B.A.R.K. staff, handlers, therapy dogs, and student volunteers were thrilled to host Global News Canada for filming this week!
This event was focused on B.A.R.K.’s recent study exploring the importance of touch when interacting with therapy dogs. The video feature includes interviews with Program Director, John-Tyler Binfet, Program Coordinator Freya Green, and B.A.R.K. volunteer and UBC alumnus Davis Wiggs.
“This study really benefits both our scientific knowledge and our practice of how we run sessions on campus to support student wellbeing” – Dr. Binfet
In this study, participants were randomly assigned to one of three treatment conditions: direct contact with a therapy dog, indirect/no touch presence with a therapy dog, and handler-only interactions. Researchers asked participating students before and after the interactions to complete measures on self-perceived flourishing, positive and negative affect, social connectedness, happiness, integration into the campus community, stress, homesickness, and loneliness.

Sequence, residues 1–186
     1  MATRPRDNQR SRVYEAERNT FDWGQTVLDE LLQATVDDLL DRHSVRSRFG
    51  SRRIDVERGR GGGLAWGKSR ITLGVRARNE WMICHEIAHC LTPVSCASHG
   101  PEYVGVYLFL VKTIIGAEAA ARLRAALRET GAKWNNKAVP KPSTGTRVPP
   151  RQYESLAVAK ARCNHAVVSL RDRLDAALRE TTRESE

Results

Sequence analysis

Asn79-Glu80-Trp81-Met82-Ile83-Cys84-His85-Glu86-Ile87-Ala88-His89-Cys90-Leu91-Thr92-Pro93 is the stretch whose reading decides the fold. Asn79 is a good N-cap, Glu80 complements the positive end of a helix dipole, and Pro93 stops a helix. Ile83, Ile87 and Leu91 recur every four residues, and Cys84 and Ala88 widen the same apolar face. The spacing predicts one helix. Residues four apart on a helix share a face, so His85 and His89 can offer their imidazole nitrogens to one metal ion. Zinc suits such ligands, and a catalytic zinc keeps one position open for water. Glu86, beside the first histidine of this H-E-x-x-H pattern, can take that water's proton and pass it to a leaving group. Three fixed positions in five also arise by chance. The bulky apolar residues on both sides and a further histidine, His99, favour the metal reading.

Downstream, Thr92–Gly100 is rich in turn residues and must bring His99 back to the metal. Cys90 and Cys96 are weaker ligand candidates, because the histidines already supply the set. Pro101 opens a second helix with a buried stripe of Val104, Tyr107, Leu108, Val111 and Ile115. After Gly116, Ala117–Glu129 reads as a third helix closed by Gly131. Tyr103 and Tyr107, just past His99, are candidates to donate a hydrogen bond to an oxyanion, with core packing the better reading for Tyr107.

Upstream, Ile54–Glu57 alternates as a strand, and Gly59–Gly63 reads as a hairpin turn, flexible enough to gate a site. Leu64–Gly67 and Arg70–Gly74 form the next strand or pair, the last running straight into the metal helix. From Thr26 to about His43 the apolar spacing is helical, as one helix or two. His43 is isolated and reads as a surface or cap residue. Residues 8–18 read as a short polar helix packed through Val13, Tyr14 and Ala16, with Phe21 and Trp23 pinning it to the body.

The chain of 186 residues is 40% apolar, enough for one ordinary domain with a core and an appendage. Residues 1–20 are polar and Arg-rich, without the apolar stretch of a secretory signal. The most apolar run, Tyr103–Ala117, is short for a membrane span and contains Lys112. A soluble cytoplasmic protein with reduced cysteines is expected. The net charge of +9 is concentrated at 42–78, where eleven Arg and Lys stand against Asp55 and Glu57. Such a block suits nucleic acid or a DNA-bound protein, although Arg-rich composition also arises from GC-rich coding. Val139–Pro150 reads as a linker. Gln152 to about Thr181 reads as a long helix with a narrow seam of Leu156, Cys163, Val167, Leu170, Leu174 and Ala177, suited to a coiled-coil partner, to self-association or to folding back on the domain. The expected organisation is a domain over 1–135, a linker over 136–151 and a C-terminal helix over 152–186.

Results indicate that only participants who had physical contact with therapy dogs reported significant improvements on all measures of wellbeing and that they reported greater wellbeing benefits than the participants involved in the no touch/indirect interactions or interactions with only a dog handler.
“when students are having those physical interactions and petting the dogs we just see huge smiles on their faces and it’s beautiful to watch” – Freya Green
We thank Travis Lowe from Global News for visiting us last week as well as B.A.R.K. volunteers Maureen & Dash, Lissa & Murphy, Geri & Doogle, Sam, Nava & Punim, Akshat, Davis, Amanda, and Jordy for their help with this exciting event.
In addition to this fantastic TV feature we are thrilled that this study has been picked up all across the world including the U.S.A, U.K., Cuba, Portugal, France, Argentina, Bahrain, Albania, Germany, Indonesia, Vietnam, and Singapore! For a sample of the international media click here.
Binfet, J. T., Green, F. L. L., & Draper, Z. A. (2021). The Importance of Client–Canine Contact in Canine-Assisted Interventions: A Randomized Controlled Trial. Anthrozoös. https://doi.org/10.1080/08927936.2021.1944558.